To the Editor:
Recently, I have been fascinated reading about significant amounts of New York state monies being designated to assist South Valley Stream for repairs to damage caused by Superstorm Sandy and for infrastructure construction in preparation for future such storms. I am fascinated because nowhere do I see references to Gibson, the most southern part of Valley Stream.
Perhaps this omission of Gibson results from the general knowledge and awareness that Gibson has no history of flooding and has, for the most part, gone unscathed by such events within memory and beyond. Of course, that begs the question why Senator Schumer, Mayor Fare and the trustees of the village accepted the newly proposed FEMA flood maps for implementation without seeking out and requiring independent scientific verification. Perhaps the senator, the mayor and trustees have some sixth sense that enables them to see high-risk flood areas in places where there is no history of flooding.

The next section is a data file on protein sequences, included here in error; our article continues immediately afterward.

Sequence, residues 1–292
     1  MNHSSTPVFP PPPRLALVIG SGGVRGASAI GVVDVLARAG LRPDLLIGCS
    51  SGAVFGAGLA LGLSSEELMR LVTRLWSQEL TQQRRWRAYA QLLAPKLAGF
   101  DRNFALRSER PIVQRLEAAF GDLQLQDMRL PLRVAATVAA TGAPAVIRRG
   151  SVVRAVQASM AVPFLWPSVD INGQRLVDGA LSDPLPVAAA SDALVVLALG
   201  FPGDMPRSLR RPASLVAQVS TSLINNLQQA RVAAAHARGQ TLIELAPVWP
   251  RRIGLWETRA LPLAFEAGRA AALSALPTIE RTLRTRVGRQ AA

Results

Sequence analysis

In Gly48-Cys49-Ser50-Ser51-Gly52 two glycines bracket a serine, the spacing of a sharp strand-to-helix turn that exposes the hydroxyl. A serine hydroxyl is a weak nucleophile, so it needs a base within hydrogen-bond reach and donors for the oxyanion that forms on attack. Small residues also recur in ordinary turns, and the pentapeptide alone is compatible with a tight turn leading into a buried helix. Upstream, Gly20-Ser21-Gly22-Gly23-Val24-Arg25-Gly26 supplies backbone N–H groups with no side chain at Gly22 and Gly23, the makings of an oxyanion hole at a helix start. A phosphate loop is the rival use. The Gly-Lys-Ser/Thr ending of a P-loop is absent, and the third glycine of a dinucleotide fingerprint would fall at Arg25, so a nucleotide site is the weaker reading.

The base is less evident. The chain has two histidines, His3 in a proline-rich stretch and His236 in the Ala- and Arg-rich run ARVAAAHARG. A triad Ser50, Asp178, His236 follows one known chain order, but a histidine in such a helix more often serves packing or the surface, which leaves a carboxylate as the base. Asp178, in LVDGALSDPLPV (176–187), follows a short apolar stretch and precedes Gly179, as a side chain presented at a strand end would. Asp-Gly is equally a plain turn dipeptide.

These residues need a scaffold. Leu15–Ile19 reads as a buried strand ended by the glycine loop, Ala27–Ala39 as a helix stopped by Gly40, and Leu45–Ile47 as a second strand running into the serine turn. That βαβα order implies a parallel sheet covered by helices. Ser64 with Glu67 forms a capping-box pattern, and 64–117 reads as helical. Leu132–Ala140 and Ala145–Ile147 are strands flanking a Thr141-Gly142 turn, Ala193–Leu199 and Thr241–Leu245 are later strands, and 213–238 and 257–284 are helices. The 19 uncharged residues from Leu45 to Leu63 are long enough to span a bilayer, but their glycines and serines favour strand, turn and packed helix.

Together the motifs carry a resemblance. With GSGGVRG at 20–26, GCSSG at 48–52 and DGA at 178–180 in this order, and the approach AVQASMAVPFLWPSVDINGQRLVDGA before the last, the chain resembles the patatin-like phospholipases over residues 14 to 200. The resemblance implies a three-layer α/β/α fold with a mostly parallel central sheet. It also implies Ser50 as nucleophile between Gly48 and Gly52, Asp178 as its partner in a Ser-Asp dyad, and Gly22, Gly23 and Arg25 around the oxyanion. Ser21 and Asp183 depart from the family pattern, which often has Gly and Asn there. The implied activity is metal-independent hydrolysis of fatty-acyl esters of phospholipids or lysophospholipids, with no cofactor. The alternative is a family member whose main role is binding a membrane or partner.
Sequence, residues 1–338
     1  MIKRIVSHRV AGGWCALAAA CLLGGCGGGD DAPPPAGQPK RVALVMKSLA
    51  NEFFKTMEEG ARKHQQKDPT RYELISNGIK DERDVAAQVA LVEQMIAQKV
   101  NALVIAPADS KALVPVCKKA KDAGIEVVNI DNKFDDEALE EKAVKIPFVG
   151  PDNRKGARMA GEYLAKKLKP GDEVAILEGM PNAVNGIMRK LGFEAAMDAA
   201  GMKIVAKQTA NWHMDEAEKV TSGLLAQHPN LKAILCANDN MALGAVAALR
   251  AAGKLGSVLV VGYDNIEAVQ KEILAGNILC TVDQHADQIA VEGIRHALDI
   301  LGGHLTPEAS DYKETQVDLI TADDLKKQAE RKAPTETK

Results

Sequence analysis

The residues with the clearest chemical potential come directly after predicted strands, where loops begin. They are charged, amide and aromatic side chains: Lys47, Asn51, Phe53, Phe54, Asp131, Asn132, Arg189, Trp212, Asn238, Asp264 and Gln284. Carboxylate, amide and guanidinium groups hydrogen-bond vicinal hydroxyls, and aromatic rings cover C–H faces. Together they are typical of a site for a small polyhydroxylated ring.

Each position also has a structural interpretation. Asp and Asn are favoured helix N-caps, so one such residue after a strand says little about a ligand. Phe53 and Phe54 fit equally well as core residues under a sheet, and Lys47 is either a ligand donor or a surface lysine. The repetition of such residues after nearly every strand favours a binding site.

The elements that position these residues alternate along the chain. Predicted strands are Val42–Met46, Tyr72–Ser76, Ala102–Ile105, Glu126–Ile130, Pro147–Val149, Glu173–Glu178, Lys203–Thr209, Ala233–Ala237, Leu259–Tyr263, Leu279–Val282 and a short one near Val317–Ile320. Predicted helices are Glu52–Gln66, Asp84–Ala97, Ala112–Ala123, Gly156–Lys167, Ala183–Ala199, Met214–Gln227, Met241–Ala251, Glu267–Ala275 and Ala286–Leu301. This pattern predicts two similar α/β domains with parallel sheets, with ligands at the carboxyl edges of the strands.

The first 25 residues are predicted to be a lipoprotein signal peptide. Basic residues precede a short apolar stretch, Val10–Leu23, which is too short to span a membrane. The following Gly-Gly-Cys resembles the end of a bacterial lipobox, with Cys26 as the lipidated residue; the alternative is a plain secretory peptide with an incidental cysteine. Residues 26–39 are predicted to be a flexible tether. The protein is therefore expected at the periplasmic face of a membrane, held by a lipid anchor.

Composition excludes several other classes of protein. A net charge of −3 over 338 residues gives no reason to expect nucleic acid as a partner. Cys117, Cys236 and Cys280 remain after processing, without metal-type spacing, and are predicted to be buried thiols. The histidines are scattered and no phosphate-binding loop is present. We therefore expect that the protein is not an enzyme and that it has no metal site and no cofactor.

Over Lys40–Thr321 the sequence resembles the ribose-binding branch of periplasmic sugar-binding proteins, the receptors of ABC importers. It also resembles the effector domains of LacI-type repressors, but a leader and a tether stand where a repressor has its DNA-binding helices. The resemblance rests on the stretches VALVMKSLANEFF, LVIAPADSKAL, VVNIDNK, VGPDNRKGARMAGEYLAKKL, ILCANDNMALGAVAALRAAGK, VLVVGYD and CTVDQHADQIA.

In any case, they determined that flood-zone maps leaving almost 900 homeowners in Valley Stream in the high-risk flood zone should be accepted and implemented. I would assume that they believe the maps to be accurate. It would certainly be strange and questionable if they voted to accept maps that they believed to be inaccurate. However, with that vote of acceptance, they now have an obligation to do what town and other officials are doing for residents of the unincorporated part of Valley Stream. They should be using their offices to seek all possible aid and assistance from the state and federal government for infrastructure improvements to protect the approximately 900 homes that they believe are high risk and therefore potentially in harm’s way.